Kaspersky’s perfect malware detection rates are on par with some of the biggest names in the cybersecurity industry, including Norton, McAfee, and Bitdefender. Kaspersky also has pretty good web protection features, including decent anti-phishing protection and extras like a secure browser, virtual keyboard, and anti-tracking protection.
Kaspersky also comes with a range of additional tools, including system cleanup tools, a VPN, a password manager, parental controls, file encryption and shredding, file backup, and a Rescue Disc which helps clean infected computers.
I really like Kaspersky’s parental controls, allowing parents to set up usage schedules, content filters, location tracking, and social media monitoring. The parental controls also have geofencing, altering users when a child leaves a predefined safe zone.
Kaspersky lacks some of the features I want to see in a premium internet security package — like dark web monitoring, identity theft protection, and a more full-featured VPN (all things Norton 360 has). And I was pretty disappointed with Kaspersky’s customer support — finding a way to contact a customer support representative is way too difficult and time-consuming.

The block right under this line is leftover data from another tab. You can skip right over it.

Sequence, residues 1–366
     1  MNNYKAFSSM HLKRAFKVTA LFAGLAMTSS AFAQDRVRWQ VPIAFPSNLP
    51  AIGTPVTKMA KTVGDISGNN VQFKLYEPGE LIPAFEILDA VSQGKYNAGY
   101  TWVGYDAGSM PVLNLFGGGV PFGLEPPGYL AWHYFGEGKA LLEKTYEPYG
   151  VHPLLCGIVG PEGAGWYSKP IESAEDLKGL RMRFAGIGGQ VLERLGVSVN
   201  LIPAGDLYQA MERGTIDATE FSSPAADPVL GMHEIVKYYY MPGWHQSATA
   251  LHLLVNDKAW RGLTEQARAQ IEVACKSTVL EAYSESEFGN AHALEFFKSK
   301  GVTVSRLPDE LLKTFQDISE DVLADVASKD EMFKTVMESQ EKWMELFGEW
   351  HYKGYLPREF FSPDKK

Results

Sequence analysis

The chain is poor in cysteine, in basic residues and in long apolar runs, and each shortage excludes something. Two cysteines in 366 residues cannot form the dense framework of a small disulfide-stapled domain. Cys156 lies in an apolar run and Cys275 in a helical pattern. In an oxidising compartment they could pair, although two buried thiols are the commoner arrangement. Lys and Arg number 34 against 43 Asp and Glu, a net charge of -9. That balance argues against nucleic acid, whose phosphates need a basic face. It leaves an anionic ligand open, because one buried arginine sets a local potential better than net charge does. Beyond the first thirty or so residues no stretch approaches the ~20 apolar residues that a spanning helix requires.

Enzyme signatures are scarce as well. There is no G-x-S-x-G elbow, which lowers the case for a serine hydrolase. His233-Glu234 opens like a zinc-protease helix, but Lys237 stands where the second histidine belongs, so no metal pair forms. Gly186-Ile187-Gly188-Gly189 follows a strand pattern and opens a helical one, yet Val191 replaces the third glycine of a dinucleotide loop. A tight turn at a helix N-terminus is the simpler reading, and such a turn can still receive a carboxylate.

Overall, Kaspersky is a good product, with excellent malware detection rates, lots of useful and well-made features, an intuitive dashboard, transparent company practices, and reasonable prices. If you’re interested in Kaspersky, you can try out the company’s plans with a risk-free money-back guarantee for 14 (UK users) or 30 (US users) days.
Frequently Asked Questions about Kaspersky Antivirus
- Can Kaspersky be trusted?
- Can Kaspersky detect malware?
- Which Kaspersky version should I buy?
- Is Kaspersky banned in the US?
Can Kaspersky be trusted?